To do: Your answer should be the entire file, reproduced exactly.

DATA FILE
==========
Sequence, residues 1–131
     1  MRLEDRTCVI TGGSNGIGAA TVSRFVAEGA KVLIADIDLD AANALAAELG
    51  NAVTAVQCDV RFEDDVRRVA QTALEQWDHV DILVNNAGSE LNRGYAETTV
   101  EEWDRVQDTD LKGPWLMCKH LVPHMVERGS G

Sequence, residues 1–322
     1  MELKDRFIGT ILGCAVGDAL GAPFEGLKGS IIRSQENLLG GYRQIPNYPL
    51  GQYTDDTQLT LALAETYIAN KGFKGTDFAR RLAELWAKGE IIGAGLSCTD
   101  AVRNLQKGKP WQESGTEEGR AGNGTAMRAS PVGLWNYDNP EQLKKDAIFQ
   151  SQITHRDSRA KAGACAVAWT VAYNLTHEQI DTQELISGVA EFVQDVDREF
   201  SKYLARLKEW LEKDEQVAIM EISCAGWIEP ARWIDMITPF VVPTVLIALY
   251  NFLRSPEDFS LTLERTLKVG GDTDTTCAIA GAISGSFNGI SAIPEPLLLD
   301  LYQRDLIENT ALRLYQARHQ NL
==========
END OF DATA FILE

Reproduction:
Sequence, residues 1–131
     1  MRLEDRTCVI TGGSNGIGAA TVSRFVAEGA KVLIADIDLD AANALAAELG
    51  NAVTAVQCDV RFEDDVRRVA QTALEQWDHV DILVNNAGSE LNRGYAETTV
   101  EEWDRVQDTD LKGPWLMCKH LVPHMVERGS G

Sequence, residues 1–322
     1  MELKDRFIGT ILGCAVGDAL GAPFEGLKGS IIRSQENLLG GYRQIPNYPL
    51  GQYTDDTQLT LALAETYIAN KGFKGTDFAR RLAELWAKGE IIGAGLSCTD
   101  AVRNLQKGKP WQESGTEEGR AGNGTAMRAS PVGLWNYDNP EQLKKDAIFQ
   151  SQITHRDSRA KAGACAVAWT VAYNLTHEQI DTQELISGVA EFVQDVDREF
   201  SKYLARLKEW LEKDEQVAIM EISCAGWIEP ARWIDMITPF VVPTVLIALY
   251  NFLRSPEDFS LTLERTLKVG GDTDTTCAIA GAISGSFNGI SAIPEPLLLD
   301  LYQRDLIENT ALRLYQARHQ NL